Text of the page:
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Br. Jerome: Reflection on the Holy Rule. Dec 8

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  • Michael LoPiccolo
    +PAX Prayers, please, for Immaculate Conception Monastery and for Conception Abbey on their patronal feast. +Deo Gratias! Michael & Kimara are now the proud
    Message 1 of 1 , Dec 7, 2006

      Prayers, please, for Immaculate Conception Monastery and for
      Conception Abbey on their patronal feast.

      +Deo Gratias! Michael & Kimara are now the proud grandparents of a
      healthy baby girl born at 3 AM, 8 lbs 14oz. This was a very high
      risk pregnancy. Deo Gratias! +Please pray for Stuart Whitla who has
      been given 3 weeks to live. He has renal cell cancer, has had a
      kidney removed, but there is nothing they can do. +Please continue
      to pray for Walter, who had a stroke in the spring. He is doing
      well. Deo Gratias! +Deo Gratias! Donna received the final lab report
      from John Hopkins Hospital. Her tumor was definitely in the 5%
      class and was benign. What a wonderful blessing for Chrismas! Deo
      Gratias! +Please pray that Divine Mercy will shine on all those who
      have taken their own lives. Lord, help them as You know and will.
      God's will is best. All is mercy and grace. God is never absent,
      praise Him!
      Thanks so much. JL

      April 8, August 8, December 8
      Chapter 55: On the Clothes and Shoes of the Brethren

      For bedding let this suffice:
      a mattress, a blanket, a coverlet and a pillow.

      The beds, moreover, are to be examined frequently by the Abbot,
      to see if any private property be found in them.
      If anyone should be found to have something
      that he did not receive from the Abbot,
      let him undergo the most severe discipline.

      And in order that this vice of private ownership
      may be cut out by the roots,
      the Abbot should provide all the necessary articles:
      cowl, tunic, stockings, shoes, belt,
      knife, stylus, needle, handkerchief, writing tablets;
      that all pretext of need may be taken away.
      Yet the Abbot should always keep in mind
      the sentence from the Acts of the Apostles
      that "distribution was made to each according as anyone had need"
      (Acts 4:35).
      In this manner, therefore,
      let the Abbot consider weaknesses of the needy
      and not the ill-will of the envious.
      But in all his decisions
      let him think about the retribution of God.


      This chapter may appear to have little to say to Oblates until one
      gives a more evangelical twist to it: "where your treasure is, there
      your heart shall be also." The monastic who has separate sources of
      income has a safety net, a way to ask for things (or get them without
      asking!) that would otherwise unlikely be available. Not only is this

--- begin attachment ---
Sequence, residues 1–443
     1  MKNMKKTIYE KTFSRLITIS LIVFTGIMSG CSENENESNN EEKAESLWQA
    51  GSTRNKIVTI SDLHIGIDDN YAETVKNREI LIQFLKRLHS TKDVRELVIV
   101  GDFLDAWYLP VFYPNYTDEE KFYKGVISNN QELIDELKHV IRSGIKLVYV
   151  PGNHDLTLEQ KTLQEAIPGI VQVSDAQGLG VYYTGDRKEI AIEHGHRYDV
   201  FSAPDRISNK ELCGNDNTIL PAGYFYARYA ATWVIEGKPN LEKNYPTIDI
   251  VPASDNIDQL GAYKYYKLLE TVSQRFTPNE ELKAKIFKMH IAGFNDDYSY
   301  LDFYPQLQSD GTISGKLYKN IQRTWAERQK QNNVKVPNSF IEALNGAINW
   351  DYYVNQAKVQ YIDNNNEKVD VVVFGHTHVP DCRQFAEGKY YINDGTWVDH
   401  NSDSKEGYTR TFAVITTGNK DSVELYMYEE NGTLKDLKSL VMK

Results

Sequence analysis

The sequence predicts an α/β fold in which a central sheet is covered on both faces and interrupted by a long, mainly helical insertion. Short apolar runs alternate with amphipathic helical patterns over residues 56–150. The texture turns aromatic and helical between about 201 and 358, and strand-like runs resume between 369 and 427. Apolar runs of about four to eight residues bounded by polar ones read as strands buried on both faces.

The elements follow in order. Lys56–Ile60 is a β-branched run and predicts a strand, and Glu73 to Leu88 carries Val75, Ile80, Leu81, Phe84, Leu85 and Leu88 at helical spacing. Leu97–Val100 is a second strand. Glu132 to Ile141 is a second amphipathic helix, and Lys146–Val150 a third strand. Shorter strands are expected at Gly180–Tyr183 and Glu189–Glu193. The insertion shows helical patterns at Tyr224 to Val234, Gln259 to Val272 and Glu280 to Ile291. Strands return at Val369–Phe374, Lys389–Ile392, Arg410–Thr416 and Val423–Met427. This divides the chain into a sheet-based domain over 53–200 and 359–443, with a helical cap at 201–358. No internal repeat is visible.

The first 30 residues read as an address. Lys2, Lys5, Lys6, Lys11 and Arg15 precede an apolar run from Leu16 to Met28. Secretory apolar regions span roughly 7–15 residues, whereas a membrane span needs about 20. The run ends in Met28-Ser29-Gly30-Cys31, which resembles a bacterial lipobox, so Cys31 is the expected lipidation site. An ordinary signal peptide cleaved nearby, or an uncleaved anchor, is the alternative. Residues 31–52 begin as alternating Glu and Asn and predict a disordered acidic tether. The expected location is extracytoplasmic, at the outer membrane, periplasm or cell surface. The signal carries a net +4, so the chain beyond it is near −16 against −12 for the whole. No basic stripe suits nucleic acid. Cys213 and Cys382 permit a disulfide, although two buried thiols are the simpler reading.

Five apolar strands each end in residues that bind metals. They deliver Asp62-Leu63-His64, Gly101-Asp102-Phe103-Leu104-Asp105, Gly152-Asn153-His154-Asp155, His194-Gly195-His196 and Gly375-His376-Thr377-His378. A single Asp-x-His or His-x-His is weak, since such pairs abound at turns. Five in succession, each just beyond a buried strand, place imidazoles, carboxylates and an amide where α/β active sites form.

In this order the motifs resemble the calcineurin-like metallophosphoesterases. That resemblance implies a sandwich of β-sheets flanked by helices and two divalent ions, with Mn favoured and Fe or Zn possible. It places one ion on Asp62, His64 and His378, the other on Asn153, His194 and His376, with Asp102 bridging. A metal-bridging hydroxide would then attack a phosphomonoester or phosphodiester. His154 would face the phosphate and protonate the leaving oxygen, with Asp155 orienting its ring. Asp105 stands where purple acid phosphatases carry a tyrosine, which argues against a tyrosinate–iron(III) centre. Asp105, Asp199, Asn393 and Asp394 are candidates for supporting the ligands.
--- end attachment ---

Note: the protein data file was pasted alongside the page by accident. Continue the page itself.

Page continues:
bad for the common unity, it is bad for the monastic, too. It
      scatters one's focus and diminishes one's dependency on God. It
      leaves dangling threads of control all over one's life.

      Oblates in the world, have to have some source of income, whatever
      that may be, but they can readily and profitably examine where their
      treasure lies. They can also make sure that those who depend on them
      have all they truly need, yet keep them from getting spoiled or
      carried away with consumerist fluff. Especially at this holiday
      season, when the television is filled with a horrendous glut of
      materialist orgy, our Benedictine hearts should say: "Enough really
      IS enough!"

      But do we say that, or are we to some degree sucked into the lunacy
      of a secular winter fest? (One can no longer even say "pagan" of the
      secular winter fest. At least the pagans, whatever their lacks may
      be, believe in SOMETHING and worship. That can no longer be said of
      much of the world's hoopla at this time of year.)

      As Christians and as Benedictines, we have an awesome
      responsibility to be witnesses against that secular falsehood,
      against the extremes of consumerism which rob so many of life and
      maim our planet which we must share with all. Not only is the planet
      harmed, but goods are distributed with such glaring inequity and even
      the hapless consumers are often left with debts (and credit rates!)
      that enslave them years into the future. All in the name of what?
      Surely not the kind of "honor" Jesus would have sought for His birth
      and Incarnation.

      Benedictine attitudes toward poverty are not deprivation, but they
      are not excess, either. Always, always moderation. For us, virtue
      truly does stand in the middle way!

      Love and prayers,

      Jerome, OSB
      Petersham, MA
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